If you find yourself fighting for custody it is crucial to have your facts checked out and everything in order before you’re good to go. This can also be a rollercoaster of emotions, often leaving kids confused and parents worried about the outcome. However, know that there are several ways to resolve custody disagreements without going to court. This article will discuss the steps you’ll need to take to file for custody. Keep on reading and see your options.

Where to find the right lawyer?

The steps of a custody case will depend on the particulars of your case, as well as any circumstances or law surrounding it. If you need a bit of help and you’re looking for an amazing children’s lawyer make sure to check out Borne Advokaten. You will get professional help with custody, and all of your questions about residence, visitation, or forced adoptions will be answered. You have the opportunity to get free legal assistance for a lawsuit about your child’s residence and/or custody as well as for a forced removal case. Give them a go and know that you’re in safe hands.

What are the steps for filing for custody – 2023 Guide: Top 8 steps


1. Communicate & do your research

If this is your first time filing for custody or your first encounter with law in general just know that you should be prepared. Do your research, do not rush the process, and be ready for it both mentally and financially.

The first step in every custody case is for the parents to talk to each other. Discuss what the two of you think is best for your kid/kids and work from there. Get an attorney who has been in this line of work for years and has the proper experience. The process shouldn’t be too hard or messy to solve, as long as you and your partner are willing to communicate.

2. File the petition in court


File a custody complaint with the court as your next big and important step. It is important to do that in the place where the parent or the child resides or in the county where the child is physically present at the given moment. You can pick out several different forms that are specific to your case, so make sure that you go for the one that applies to you. Don’t forget that there is a filing fee to start the custody case. In case you’re unable to pay for it fill out a form titled “Petition to Sue as an Indigent” and request that the court waives the filing fee for you.

3. Serve the papers & consider additional classes

Once you have your paperwork and you have paid the fee to start a custody case it is vital to give the papers to the other parent. Serve them copies of your arrangement, but do not do it in person. This is something that law enforcement officers or a private process server have to deliver.

Also, attending a parenting education class before going forward with your case is a step that is quite popular all over the U.S. See if this is available in your case and if the two of you are willing to take it before taking the case to the next step.

4. You have to appear in front of a judge


Depending on where you live, you may need to take additional steps before the court schedules a custody hearing. This includes interviewing children, both parents, and anyone important for the case (relatives, therapists, etc). Your case will first go to trial before it reaches the judge. At trial, both you and the other parent have the right to present evidence. This evidence usually includes testimony, pictures, or police records. The judge will have the final word about your case. A judge’s priority in every custody trial is to determine what’s in the child’s best interest. The case is always treated properly and looked at from a child’s point of view and interest.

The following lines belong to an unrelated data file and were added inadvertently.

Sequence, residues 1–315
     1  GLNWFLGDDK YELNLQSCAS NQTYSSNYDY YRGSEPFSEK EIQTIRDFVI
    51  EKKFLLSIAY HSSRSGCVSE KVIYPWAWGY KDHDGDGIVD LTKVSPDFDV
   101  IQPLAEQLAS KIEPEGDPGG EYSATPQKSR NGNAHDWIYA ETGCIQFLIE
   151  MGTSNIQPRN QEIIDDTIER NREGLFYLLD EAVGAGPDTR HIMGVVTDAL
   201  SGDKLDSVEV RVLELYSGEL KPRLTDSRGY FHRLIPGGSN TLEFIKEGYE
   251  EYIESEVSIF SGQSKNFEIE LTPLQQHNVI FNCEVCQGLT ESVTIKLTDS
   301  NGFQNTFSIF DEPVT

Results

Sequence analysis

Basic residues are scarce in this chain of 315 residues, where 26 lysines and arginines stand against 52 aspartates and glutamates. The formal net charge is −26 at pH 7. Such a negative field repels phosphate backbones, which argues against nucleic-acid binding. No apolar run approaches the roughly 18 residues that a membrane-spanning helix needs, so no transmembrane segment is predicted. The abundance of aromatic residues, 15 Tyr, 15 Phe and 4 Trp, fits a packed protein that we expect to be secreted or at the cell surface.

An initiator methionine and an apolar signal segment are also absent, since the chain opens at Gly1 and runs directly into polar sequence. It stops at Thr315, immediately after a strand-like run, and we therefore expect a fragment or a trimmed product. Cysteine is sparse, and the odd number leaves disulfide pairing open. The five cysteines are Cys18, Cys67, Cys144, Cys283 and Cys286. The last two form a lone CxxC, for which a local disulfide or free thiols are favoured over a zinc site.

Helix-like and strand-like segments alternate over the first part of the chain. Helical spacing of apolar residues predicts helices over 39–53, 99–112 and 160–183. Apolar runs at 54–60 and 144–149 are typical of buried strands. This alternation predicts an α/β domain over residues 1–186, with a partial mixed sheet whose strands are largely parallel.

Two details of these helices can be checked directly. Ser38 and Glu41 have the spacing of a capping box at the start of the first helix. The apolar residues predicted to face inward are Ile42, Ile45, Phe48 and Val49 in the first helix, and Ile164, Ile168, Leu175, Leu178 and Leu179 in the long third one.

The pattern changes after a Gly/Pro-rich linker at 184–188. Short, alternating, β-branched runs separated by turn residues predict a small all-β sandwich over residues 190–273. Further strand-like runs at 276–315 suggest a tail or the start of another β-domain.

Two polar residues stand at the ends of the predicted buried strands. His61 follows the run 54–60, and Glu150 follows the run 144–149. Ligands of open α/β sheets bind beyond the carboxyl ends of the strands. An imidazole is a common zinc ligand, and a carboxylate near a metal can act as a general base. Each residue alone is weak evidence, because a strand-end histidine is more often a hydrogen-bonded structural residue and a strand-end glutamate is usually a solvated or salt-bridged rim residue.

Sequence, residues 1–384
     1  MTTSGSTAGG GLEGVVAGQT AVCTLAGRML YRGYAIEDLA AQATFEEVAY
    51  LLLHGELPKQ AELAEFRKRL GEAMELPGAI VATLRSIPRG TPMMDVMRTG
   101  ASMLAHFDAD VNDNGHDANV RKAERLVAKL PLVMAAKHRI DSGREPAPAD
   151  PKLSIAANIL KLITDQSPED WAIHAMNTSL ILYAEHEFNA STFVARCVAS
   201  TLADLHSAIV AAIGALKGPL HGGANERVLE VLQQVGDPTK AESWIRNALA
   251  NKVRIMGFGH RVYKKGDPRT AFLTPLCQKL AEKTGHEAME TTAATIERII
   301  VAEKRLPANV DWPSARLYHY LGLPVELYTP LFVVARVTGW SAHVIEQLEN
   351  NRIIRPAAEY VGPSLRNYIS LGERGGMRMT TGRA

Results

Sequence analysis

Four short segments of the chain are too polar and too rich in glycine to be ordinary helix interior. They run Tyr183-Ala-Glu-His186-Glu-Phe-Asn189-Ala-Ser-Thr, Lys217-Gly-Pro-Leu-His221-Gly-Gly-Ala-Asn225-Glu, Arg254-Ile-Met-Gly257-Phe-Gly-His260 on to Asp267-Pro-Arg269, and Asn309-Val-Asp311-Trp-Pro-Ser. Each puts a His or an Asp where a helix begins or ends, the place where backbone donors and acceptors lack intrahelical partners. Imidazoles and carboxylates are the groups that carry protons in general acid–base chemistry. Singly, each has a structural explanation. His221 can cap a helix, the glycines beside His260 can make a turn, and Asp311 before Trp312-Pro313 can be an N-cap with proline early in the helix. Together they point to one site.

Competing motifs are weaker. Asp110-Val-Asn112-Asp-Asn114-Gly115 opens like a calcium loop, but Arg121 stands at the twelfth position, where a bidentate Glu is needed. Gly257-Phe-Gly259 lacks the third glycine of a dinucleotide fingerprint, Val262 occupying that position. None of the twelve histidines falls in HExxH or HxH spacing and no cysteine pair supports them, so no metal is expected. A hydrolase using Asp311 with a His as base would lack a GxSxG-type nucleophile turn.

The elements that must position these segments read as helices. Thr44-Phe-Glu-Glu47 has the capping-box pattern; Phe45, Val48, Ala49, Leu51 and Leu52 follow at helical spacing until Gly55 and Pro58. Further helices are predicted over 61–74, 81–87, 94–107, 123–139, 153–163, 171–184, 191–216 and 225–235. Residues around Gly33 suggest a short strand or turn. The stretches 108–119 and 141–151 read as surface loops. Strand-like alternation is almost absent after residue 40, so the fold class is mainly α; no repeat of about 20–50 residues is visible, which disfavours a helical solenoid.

5. What a child wants

In cases like these if the child is old enough he or she can also express thoughts and wishes on who to live with. A judge’s priority in every custody trial is to determine what’s in the child’s best interest without making pressure or causing any type of discomfort. This can vary overall from one country or continent to the other. However, most courts agree on the following:

  • It is vital to inspect both parents and their ability to provide the child necessities, like food, clothing, and shelter
  • How close the child is with the parents, do they have siblings, etc
  • They should look into criminal records or history of domestic violence
  • Each parent’s mental and physical wellbeing

There’s no one-size-fits-all test for custody. The questions and evaluation are key for this complicated court procedure.

6. The final steps of a custody order


Once the court concludes the hearing, the judge will issue a decision. This decision can take some time to make, which is why it is vital not to miss any appointments and to present evidence clearly to speed it up. In some cases, the judge will make a decision and issue a custody order on the spot. In other cases, the decision is written out and delivered in the mail in a week or two. If you’re unhappy with the judge’s decision, you can appeal the order, and you should do it within the shortest time possible since the window frame is not that long. For any other unanswered questions, you can ask your lawyer.

Are you feeling confident?

Do you feel like you have all the right tools for tackling this case? Take everything that we wrote into consideration and talk with your lawyer before making any big or small steps. Be prepared for the process and gather your evidence and you will end up with the best possible outcome.